Based in Houston, Texas, Bradlink is a technical services company that provides architectural design, project management, construction oversight, and inspection services primarily on aviation, transit, and other infrastructure projects. Two primary lean efforts the MBE and woman-owned company uses to improve frontline work and engage team members are having a series of checklists in place and comprehensive training.
Beginning early in the design process or during preconstruction, Bradlink uses a series of interconnected process checklists that clearly outline a project’s scope of work and help team members better track status and identify if an item or step in the process is missing or incorrect. By being proactive and watching for irregularities from the frontline, the company can better mitigate possible delays, reduce design rejections, and circumvent other potential impacts on a client’s allocated budget.
Such work “accelerates the speed at which the company achieves our goals,” says Callier, who notes that they have learned to use checklists as early as possible in executing their work to ensure that plans comply with building codes and to minimize defects and rework. The lists also help frontline workers receive the right information and give clients greater confidence that Bradlink knows what it is doing.
Additionally, Bradlink team members participate in industry-specific training to stay abreast of changes in agency design standards, processes, etc. Information gathered from these training sessions is incorporated as needed into internal process checklists. Team members also regularly update internal standard operating procedures and are required to review and apply new changes before starting a new project.
Leveraging Lean for Growth
Diversity and lean make the work better and the world better. Integrating a lean philosophy into operations and standards is a natural fit for NMSDC’s MBE community, which uses lean practices to be more innovative and responsive to customers. MBEs and woman-owned businesses had been the fastest-growing segment of business entrepreneurs until the pandemic hit. Now, these groups are the largest impacted negatively by the economic downturn. While they’ve received support from corporations, private sector organizations and philanthropies, and the government, much more needs to be done.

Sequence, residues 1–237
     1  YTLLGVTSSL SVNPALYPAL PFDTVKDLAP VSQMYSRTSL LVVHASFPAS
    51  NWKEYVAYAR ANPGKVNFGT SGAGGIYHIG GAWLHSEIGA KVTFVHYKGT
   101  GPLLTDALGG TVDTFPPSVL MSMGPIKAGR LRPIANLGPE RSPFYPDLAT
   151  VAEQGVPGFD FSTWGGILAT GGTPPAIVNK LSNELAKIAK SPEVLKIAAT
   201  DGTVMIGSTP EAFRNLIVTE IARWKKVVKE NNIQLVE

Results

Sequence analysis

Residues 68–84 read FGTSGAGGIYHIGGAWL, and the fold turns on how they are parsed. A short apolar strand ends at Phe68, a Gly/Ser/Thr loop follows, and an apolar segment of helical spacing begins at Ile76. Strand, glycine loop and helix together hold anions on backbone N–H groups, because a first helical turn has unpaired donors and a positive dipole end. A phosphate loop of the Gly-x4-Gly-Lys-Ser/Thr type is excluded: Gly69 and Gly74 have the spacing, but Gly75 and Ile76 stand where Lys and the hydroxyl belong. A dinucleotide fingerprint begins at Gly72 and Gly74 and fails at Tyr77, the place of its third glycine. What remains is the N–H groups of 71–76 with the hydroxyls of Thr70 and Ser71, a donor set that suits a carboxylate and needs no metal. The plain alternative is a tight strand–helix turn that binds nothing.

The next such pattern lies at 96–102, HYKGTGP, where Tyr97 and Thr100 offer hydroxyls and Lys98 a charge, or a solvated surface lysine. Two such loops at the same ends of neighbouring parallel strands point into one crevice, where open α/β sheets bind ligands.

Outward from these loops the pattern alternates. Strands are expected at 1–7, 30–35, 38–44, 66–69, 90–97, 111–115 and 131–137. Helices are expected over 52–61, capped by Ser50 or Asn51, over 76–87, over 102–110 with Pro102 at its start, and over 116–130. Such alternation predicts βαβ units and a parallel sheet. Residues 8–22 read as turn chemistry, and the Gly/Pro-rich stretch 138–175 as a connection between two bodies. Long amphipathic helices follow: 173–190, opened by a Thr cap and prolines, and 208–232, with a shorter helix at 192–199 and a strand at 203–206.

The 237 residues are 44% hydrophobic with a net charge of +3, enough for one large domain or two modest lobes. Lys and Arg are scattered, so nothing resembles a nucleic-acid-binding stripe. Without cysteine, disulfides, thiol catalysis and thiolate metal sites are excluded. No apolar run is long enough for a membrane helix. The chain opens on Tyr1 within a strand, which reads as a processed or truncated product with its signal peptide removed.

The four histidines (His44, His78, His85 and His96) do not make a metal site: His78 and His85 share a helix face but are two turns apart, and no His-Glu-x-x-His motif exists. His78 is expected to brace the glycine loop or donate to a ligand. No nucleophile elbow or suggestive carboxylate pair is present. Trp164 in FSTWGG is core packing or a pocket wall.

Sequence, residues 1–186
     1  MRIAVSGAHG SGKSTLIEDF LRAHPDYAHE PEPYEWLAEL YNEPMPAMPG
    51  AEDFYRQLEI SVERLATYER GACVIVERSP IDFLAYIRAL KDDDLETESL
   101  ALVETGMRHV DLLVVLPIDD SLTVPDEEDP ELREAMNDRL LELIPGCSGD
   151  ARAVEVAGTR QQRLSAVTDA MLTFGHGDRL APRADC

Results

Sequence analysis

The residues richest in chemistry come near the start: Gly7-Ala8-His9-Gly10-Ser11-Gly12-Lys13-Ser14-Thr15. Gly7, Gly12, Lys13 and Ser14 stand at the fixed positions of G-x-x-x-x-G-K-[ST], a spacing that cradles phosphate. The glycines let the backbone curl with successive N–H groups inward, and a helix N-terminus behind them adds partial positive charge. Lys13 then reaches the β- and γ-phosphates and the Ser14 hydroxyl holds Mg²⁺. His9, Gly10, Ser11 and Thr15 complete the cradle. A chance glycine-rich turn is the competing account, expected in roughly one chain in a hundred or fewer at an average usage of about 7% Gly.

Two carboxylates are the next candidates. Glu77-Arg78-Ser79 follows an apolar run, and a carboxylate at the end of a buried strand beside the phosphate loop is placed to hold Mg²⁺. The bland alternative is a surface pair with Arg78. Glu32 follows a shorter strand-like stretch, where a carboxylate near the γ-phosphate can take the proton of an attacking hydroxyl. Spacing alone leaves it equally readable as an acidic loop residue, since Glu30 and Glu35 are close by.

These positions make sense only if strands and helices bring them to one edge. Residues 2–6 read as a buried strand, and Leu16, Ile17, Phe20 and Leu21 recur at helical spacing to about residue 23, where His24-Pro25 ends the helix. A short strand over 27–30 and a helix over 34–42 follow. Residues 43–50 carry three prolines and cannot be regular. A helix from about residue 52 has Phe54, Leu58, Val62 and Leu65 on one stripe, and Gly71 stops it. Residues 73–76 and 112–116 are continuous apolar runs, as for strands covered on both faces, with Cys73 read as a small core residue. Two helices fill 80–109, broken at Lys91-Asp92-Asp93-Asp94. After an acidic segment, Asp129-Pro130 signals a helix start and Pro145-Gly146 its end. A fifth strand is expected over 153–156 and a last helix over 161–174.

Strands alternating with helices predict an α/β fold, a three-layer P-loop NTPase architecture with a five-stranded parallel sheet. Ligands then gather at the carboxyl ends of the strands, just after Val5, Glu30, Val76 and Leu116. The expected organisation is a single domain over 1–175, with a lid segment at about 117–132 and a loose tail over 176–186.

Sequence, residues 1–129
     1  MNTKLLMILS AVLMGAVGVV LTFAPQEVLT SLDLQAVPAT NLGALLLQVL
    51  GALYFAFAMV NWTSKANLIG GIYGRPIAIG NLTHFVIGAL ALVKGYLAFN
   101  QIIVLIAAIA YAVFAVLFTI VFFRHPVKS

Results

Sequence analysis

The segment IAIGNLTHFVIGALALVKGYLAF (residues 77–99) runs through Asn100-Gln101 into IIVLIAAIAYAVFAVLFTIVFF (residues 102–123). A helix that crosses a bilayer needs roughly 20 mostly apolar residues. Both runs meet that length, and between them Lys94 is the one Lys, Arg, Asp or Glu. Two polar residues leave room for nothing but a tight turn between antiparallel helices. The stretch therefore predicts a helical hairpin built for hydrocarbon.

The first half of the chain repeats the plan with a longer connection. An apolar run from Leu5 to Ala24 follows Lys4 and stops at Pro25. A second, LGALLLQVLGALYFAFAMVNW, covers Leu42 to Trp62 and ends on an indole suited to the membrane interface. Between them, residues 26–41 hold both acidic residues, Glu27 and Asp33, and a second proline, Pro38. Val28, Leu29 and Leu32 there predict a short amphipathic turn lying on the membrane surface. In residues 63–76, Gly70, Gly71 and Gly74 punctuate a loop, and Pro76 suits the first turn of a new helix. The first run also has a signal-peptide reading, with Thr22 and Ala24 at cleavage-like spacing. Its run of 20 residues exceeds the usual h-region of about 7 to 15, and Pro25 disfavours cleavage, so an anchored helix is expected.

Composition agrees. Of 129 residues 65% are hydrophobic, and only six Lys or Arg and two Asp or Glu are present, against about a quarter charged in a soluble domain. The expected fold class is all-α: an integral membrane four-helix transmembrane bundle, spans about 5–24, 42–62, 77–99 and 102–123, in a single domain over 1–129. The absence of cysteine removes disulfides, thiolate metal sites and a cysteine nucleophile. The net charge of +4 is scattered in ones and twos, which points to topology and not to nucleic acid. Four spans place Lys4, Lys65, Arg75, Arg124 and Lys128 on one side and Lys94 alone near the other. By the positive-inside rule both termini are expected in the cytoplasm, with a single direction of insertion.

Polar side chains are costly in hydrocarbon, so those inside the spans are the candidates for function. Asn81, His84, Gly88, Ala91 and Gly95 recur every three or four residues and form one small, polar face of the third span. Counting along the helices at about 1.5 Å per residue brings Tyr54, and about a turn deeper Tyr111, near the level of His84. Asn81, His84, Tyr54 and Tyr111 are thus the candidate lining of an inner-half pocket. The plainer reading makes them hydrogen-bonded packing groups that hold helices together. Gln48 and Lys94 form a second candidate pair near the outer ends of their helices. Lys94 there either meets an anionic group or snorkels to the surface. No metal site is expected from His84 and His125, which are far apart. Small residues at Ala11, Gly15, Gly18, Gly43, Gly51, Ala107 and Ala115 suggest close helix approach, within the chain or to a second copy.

If we remove all the trappings of lean management — the tools, the methodologies, even those core principles of just-in-time and jidoka — we will find that lean, at its core, is about developing people.
As our diverse entrepreneurial community continues to recover from 2020, we’re confident advocates like NMSDC will continue providing access to resources and information about lean processes to help them rebuild and become stronger in 2021 and beyond.
About the National Minority Business Development Council (NMSDC)
As one of the nation’s leading corporate business membership organizations, the National Minority Business Development Council (NMSDC) has been advancing opportunities for certified minority business enterprises (MBEs) for 50 years. The New York City-based organization supports and advocates for MBE integration into corporate and public-sector supply chains.
The organization’s efforts include ensuring fair access to capital and funding resources and lending expertise for the creation of equitable policies and regulations. NMSDC also provides MBE with capability and capacity development resources to help it meet the needs of corporate members.
NMSDC supports MBE development and growth through an annual calendar of conferences, networking events, educational programs, a myriad of online resources from a national level, and through its network of 23 regional councils. When the Covid-19 pandemic hit in 2020, its in-person activities shifted to an entirely virtual platform to keep 12,000+ MBEs connected with the organization, each other, and the nearly 1,500 NMSDC corporate members.
Editor’s Note: This Lean Post is an updated version of an article published on February 2, 2021.